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Legislators make peace
with Muslim prayer

Two Republican lawmakers who refused to participate in a Muslim cleric’s opening prayer earlier this week struck an entirely different posture when the imam returned to commence yesterday’s session of the Washington state House of Representatives.

After the prayer by Imam Mohamad Joban – which began with a solemn singing of Quranic verses – Rep. Lois McMahan and Rep. Cary Condotta shook the cleric’s hand and apologized.

Prayer by Imam Mohamad Joban, left, televised by public affairs channel

Joban accepted the apologies and invited the politicians to visit him at the Islamic Center of Olympia.

Immediately after the prayer, a national Muslim lobby group, which had called on state and national Republican leaders to condemn the legislators’ actions Monday, held a press conference outside the House chamber.

The incident figured prominently on the website of the Council on American-Islamic Relations, a controversial group that considers itself a moderate voice for Muslims but is regarded by critics as a radical group with ties to terrorist organizations.

On Monday, McMahan, an evangelical Christian, said it was “patriotism” that caused her to remain outside the chamber during Joban’s prayer, asserting that Islam “is part and parcel with the attack on America.” Condotta did not explain his reason but indicated that his lack of participation was intentional.

McMahan issued an apology to her colleagues from the chamber floor Wednesday.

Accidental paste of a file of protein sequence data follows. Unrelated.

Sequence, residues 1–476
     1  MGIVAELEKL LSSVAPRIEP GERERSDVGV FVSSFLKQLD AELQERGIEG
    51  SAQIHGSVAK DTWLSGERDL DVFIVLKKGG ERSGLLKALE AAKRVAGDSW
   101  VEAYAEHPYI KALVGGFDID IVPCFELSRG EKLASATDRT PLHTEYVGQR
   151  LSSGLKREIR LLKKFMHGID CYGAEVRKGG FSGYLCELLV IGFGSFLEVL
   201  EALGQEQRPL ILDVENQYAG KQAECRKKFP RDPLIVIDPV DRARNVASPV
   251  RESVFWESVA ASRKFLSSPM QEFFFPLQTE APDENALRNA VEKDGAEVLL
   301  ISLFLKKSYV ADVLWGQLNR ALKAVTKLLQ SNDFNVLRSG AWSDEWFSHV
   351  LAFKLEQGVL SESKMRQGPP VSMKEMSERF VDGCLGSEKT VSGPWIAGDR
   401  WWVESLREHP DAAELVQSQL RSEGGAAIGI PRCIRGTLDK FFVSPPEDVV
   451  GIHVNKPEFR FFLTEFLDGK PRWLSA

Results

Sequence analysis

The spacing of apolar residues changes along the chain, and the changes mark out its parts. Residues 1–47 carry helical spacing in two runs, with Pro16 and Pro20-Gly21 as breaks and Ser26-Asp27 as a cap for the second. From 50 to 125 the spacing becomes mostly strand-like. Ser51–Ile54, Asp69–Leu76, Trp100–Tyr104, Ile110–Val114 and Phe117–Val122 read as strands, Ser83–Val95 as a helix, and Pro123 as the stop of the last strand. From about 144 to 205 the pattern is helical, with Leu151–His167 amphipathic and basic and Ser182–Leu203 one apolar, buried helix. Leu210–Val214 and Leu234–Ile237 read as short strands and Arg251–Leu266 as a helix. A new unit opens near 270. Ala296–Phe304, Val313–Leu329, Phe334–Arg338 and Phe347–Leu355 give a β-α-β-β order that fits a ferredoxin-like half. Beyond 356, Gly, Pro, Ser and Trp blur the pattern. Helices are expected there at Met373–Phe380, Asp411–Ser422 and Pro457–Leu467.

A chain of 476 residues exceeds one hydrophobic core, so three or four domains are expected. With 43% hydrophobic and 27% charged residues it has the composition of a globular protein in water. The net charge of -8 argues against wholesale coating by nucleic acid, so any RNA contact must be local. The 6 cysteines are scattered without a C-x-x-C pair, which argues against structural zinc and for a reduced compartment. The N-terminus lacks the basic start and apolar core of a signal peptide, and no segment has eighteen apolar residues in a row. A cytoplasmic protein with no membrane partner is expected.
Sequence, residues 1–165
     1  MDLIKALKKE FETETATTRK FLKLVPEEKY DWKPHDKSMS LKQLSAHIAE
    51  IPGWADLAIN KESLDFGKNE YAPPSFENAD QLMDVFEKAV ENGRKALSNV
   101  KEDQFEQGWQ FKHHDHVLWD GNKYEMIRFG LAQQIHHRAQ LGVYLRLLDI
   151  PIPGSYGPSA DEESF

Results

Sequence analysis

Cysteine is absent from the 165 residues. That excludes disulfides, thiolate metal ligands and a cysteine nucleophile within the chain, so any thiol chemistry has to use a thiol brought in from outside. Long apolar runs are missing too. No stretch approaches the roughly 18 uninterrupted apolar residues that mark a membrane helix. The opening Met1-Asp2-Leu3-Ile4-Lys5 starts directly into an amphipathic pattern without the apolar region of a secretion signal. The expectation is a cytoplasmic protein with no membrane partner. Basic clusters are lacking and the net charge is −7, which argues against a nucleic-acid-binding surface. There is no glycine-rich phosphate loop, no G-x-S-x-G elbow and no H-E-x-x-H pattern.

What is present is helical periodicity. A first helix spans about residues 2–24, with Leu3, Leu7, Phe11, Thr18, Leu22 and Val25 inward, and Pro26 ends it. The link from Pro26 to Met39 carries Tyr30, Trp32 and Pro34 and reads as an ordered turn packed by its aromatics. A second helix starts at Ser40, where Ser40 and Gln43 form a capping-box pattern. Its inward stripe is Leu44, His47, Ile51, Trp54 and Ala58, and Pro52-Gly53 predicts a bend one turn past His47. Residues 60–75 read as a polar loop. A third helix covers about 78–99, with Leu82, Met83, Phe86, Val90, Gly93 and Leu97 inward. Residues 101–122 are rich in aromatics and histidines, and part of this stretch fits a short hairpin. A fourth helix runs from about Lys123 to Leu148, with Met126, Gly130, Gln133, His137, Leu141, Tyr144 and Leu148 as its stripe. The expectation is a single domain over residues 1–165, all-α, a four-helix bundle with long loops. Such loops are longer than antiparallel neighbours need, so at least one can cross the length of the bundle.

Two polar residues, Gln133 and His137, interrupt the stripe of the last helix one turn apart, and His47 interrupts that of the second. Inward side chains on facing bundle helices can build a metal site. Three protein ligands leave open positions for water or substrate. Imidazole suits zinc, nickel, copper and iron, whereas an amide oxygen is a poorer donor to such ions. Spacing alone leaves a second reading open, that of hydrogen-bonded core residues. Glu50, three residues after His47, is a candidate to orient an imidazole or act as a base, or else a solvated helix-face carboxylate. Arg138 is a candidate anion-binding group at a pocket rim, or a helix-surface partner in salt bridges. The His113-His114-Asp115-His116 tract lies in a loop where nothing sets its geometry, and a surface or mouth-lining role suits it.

Washington state Republican Rep. Cary Condotta

Condotta said he thought the prayer yesterday was “great,” according to news reports.

Joban said, in part, “We pray that God guides the hearts of all good people of all faiths to see what we all have in common and pray that it makes us a stronger community in nation.”

In a written statement, McMahan said she stood at her desk yesterday “to show my support for Imam Mohamed [sic] Joban’s God-given freedom of religion.”

At the press conference with area Muslim leaders, Joban said the experience was “very exciting” and read from a letter he wrote to McMahan, accepting her apology, the Associated Press reported.

“What you did showed strength of character and moral fiber,” he wrote.

‘Germany in 1938’

CAIR said other groups scheduled to have representatives speak at the press conference included Northgate Mosque, the Islamic Center of Kent, the Islamic Center of Bellevue, the Arab American Community Coalition and the Al-Islam Center of Seattle.

Attendance for the opening prayer is usually spotty, as it was Monday, the AP said, but yesterday nearly all 98 representatives stood at their desks and listened respectfully as Joban began his prayer.

However, Rizwan Samad, president of the American Muslim Alliance of Washington, said the lawmakers’ actions still made him angry, and he is anxious about the future for Muslims in America.

“Muslim-Americans already feel we are in Germany in 1938,” Samad said, referring to what he sees as a backlash after the Sept. 11 attacks. “We do not want to sit quietly while the government moves toward Germany in 1942.”

The lawmaker’s apologies after their actions Monday were weak, he said, “like if you spill a cup of coffee, you say, ‘Oh, sorry.'”

Others had a more positive tone, noting the attendance for the prayer yesterday.

“It was a very sad day for America to see and hear the actions of our elected representatives,” said Asha Mohammed, outreach coordinator for the Hate Free Zone Campaign of Washington. She said her religion teaches that “when once asked for apology to accept it wholeheartedly.”

“We are patriots, we do love America,” Mohammed said. “We accept the apology, and that’s that.”

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